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News > Latin America

US$3.4m in Illegal Odebrecht Payments Uncovered

  • Former Odebrecht director, Marcelo Odebrecht.

    Former Odebrecht director, Marcelo Odebrecht. | Photo: EFE

Published 25 July 2018

The informants provided new details about the money route used by the Odebrecht construction company for its criminal business in Argentina.

Vinicius Claret Vieira Barreto and Claudio Fernando Barboza de Souza, both former executives at Odebrecht and detained by police, detailed that the construction giant resorted to its clandestine networks to transfer at least US $ 3.4 million into Buenos Aires, Argentina between 2013 and 2014.

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The years encompass a period in which the construction company acknowledged that it had paid "tips" to Argentine officials.

The informants provided details about the money route used by the Odebrecht construction company for its criminal business in Argentina, according to their confessions.

Claret Vieira and Fernando Barboza even detailed the various stages of the financial operations, via Uruguay, until the money arrived in Buenos Aires. They named Carlos Estevan Palacio (sic) and Gabriel Bronstein, who were identified as two Odebrecht executives who received the money in Argentina.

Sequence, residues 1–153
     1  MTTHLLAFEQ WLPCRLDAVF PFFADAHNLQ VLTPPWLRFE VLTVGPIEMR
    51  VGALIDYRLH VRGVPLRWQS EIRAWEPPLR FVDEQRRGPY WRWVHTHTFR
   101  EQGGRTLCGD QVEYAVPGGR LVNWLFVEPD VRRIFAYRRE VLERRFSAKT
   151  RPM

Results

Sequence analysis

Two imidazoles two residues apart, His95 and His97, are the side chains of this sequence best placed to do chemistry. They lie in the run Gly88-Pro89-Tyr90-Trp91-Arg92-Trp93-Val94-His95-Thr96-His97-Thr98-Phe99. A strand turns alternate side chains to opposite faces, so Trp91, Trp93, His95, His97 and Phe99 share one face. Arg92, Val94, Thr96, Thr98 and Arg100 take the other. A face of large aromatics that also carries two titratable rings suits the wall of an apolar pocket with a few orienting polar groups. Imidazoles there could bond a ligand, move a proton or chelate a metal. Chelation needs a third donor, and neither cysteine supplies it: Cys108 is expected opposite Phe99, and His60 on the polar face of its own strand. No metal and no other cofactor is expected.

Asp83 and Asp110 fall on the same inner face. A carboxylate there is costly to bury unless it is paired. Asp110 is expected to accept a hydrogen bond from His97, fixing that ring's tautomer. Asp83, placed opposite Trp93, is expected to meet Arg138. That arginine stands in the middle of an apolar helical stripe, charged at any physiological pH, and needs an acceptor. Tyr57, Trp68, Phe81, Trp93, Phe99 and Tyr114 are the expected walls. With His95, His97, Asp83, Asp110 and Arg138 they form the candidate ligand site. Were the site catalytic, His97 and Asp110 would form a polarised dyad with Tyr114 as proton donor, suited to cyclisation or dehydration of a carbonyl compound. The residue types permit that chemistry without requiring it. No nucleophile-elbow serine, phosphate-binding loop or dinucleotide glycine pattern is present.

The testimonies of Claret and Barboza provide insights into the Argentine chapter of the infamous Car Wash investigation in Brazil. The case has spread to at least a dozen other countries in Latin America.

Nicknamed Juca Bala, Claret Vieira was arrested in Maldonado, Uruguay, on March 3, 2017, and subsequently extradited to Brazil, where he accepted to become an “award-winning informant,” confessing his crimes in exchange for a lesser sentence.

Standing before prosecutors in Rio de Janeiro, he detailed several operations in which he paid one hundred and two hundred thousand dollars to an Odebrecht executive named Carlos Estevan Palacio.

Upwards of 80 employees of Odebrecht have negotiated plea bargains and leniency deals for the company, closely tied to the Car Wash investigations. In return, they must testify about the conglomerate's central role in a scheme involving public and private contracts. Their testimonies are expected to implicate more than 100 current and former Brazilian politicians.

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